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The Green Life: Clean Sweets: 5 Eco-Friendly Sugar Alternatives

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October 17, 2013

Clean Sweets: 5 Eco-Friendly Sugar Alternatives

Winter is for hot toddies and nogs, pies still warm from the oven, and fudge that makes your teeth ache. For those planning on baking up treats this holiday season, these sweeteners will ease the guilt that'll come with each glorious bite. SweetLeaf Stevia

When former healthcare executive Jim May founded WISDOM NATURAL BRANDS in 1982, it was because a Peace Corps volunteer who'd worked in Paraguay convinced him to taste the leaves of an herb called stevia. Once May learned that the processed plant can be up to 300 times sweeter than sugar but lacks calories, carbohydrates, or chemicals, he realized it could be a potent natural alternative to artificial sweeteners like aspartame, sucralose, and high-fructose corn syrup. He sunk his life savings into starting the company that now makes SweetLeaf Stevia, instilling strict rules for sustainable practices: No chemicals, solvents, or alcohols are used when extracting or purifying the plant; leaf residue becomes mulch or cattle feed; and water is recycled to irrigate local Guaraní farms. $14 for a 4.1-ounce bottle Bee Raw

Zeke Freeman grew up on a farm in Pennsylvania, where his twin passions sprouted: producing artisanal food and caring for pollinators. "I was able to eat homegrown fruits and vegetables off the land," he says. "We won't have that if we lose the honeybees." After he founded BEE RAW, he started the Save the Bees fund to combat colony collapse disorder, which has wiped out millions of hives. The company's Single Varietal Honey is pesticide-free, of course, but also unprocessed, unfiltered, and packaged in beautiful, gift-worthy glass. Flavors include wild raspberry, star thistle, orange blossom, and blueberry—each of which will last years if properly stored. $12 to $15 for a 10.5-ounce jar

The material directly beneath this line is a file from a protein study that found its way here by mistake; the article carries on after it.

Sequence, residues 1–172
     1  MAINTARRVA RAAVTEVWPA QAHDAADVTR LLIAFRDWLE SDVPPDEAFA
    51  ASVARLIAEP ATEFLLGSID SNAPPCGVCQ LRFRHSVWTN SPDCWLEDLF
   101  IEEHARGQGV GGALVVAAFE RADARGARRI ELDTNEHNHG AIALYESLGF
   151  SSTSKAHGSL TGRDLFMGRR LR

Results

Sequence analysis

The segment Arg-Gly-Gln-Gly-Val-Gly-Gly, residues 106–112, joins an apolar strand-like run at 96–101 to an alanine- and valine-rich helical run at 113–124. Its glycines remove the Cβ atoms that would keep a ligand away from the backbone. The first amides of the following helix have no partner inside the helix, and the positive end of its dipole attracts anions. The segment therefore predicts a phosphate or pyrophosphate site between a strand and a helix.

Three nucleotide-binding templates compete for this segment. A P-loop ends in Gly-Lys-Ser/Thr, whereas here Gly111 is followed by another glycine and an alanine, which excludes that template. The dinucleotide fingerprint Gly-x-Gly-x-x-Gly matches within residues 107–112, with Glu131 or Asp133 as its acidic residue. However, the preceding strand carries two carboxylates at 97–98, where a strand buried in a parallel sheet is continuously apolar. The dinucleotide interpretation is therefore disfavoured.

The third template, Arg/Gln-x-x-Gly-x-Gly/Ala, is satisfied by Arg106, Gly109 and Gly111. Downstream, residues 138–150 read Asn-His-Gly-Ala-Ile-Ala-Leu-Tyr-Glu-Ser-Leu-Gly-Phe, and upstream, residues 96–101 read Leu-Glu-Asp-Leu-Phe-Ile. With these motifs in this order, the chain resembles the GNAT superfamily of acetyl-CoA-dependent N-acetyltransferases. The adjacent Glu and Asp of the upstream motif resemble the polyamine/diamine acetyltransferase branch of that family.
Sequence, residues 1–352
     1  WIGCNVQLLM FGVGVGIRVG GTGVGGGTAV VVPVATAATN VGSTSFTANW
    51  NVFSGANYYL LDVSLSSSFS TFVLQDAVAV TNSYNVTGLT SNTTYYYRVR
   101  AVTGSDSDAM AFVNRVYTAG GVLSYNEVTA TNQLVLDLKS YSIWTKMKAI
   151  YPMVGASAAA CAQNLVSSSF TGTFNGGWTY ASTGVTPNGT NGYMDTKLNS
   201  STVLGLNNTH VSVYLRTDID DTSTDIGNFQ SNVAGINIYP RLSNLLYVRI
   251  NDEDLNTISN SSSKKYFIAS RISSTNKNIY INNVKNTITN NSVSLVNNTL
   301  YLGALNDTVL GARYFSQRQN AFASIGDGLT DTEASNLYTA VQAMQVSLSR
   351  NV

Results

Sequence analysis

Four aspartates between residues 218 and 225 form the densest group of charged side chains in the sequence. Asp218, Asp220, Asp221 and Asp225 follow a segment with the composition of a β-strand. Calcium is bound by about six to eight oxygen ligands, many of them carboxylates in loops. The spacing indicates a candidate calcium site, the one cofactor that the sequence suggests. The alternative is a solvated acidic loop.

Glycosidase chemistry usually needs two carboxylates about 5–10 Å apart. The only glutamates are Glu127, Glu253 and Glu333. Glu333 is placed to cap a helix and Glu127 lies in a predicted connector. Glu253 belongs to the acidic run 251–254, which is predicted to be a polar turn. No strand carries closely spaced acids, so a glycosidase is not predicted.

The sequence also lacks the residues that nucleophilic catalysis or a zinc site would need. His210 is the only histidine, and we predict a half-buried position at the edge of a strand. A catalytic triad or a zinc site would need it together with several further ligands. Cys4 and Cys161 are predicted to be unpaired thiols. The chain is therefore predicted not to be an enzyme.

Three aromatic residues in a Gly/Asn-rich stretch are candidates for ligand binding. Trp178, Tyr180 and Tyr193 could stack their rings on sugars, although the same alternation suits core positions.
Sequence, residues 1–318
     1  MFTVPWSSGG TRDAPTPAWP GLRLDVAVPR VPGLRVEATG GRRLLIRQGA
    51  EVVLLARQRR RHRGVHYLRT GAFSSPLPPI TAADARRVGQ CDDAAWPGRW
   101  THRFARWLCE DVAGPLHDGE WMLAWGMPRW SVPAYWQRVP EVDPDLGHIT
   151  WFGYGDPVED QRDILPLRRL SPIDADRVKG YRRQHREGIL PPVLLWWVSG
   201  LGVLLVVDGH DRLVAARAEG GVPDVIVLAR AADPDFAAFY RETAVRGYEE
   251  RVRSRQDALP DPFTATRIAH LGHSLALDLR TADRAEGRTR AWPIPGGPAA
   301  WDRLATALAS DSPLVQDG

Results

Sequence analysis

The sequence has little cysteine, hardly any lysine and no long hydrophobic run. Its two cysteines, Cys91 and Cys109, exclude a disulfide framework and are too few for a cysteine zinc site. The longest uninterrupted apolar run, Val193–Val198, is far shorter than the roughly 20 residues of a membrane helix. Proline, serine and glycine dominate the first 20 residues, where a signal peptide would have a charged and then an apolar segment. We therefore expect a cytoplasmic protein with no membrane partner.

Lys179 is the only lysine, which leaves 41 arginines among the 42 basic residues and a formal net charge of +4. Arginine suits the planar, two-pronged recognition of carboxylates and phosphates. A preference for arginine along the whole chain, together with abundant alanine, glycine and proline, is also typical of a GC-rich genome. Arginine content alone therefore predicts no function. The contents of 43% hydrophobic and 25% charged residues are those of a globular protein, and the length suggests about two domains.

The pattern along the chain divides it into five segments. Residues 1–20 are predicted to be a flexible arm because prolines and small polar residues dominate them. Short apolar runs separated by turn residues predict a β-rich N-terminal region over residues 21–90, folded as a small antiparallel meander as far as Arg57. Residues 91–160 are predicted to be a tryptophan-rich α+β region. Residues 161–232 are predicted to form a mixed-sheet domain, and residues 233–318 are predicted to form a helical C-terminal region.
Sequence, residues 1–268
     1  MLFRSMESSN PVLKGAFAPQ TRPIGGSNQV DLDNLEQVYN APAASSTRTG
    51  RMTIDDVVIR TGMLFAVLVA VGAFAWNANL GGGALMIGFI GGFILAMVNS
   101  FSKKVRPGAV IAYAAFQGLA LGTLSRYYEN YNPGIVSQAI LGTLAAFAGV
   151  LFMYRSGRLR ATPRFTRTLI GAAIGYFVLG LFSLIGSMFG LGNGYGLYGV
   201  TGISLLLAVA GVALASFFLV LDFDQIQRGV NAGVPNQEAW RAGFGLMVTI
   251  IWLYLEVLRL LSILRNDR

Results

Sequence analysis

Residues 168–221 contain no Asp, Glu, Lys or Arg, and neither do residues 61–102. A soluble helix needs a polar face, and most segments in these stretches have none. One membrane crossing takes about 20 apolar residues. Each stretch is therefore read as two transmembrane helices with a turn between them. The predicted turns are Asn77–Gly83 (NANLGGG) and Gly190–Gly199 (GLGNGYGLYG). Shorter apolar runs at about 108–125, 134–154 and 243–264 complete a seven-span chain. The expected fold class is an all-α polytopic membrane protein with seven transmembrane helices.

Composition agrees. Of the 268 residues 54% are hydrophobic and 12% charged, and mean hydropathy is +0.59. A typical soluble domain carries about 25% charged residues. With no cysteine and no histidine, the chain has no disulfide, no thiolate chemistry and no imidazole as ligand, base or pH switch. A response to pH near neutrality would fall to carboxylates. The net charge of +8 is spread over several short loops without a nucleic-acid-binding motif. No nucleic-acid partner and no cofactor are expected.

Rapunzel Organic Whole Cane SugarA sweetener that retains its vitamins and minerals? Sign us up! The Organic Whole Cane Sugar from RAPUNZEL—a German company that's been all-organic since its 1974 launch—is made from canes harvested by hand (bypassing the typical burning of dry leaves) at fair-trade farms in Brazil, then processed so minimally that the plant's nutrients are preserved. The result: golden-colored, fine-textured granules, unbleached and unrefined, with a subtle molasses flavor that tastes especially good in pastries, cookies, and cakes. You can substitute it for regular white sugar in any recipe, cup for cup. $5.59 for a 1.5-pound bag Madhava Organic Coconut Sugar

Coconut palm trees produce up to 75% more sugar per acre than cane fields do, and require just a fifth of the resources to crank out the same amount of sweetener. So it's obvious why Organic Coconut Sugar from MADHAVA, produced from those trees' flower buds, would be a sustainable choice. Further sweetening the deal, this product is unrefined, is verified by the Non-GMO Project, and maintains nutritional perks like amino acids, iron, and zinc. Use it as you would any other sugar. $6.49 for a 16-ounce bag

Lundberg rice syrupSweet Dreams Organic Brown Rice Syrup from LUNDBERG FAMILY FARMS smells, feels, and tastes like honey but has a nuttier undertone. If you're a vegan, this sticky stuff does the trick: Amie Valpone, a Manhattan nutritionist who runs the Healthy Apple blog, says, "I love the way it binds desserts without adding an animal source. I also love the taste and often choose it over other sweeteners when baking." You can stir it into coffee or tea or drizzle it atop ice cream or pancakes. Brown rice syrup is less sweet than sugar, so use 1¼ cup in place of 1 cup of sugar. Lundberg's organic rice isn't genetically modified and is grown without synthetic fertilizers. $8.39 for a 21-ounce jar

--text by Avital Andrews / photos by Lori Eanes

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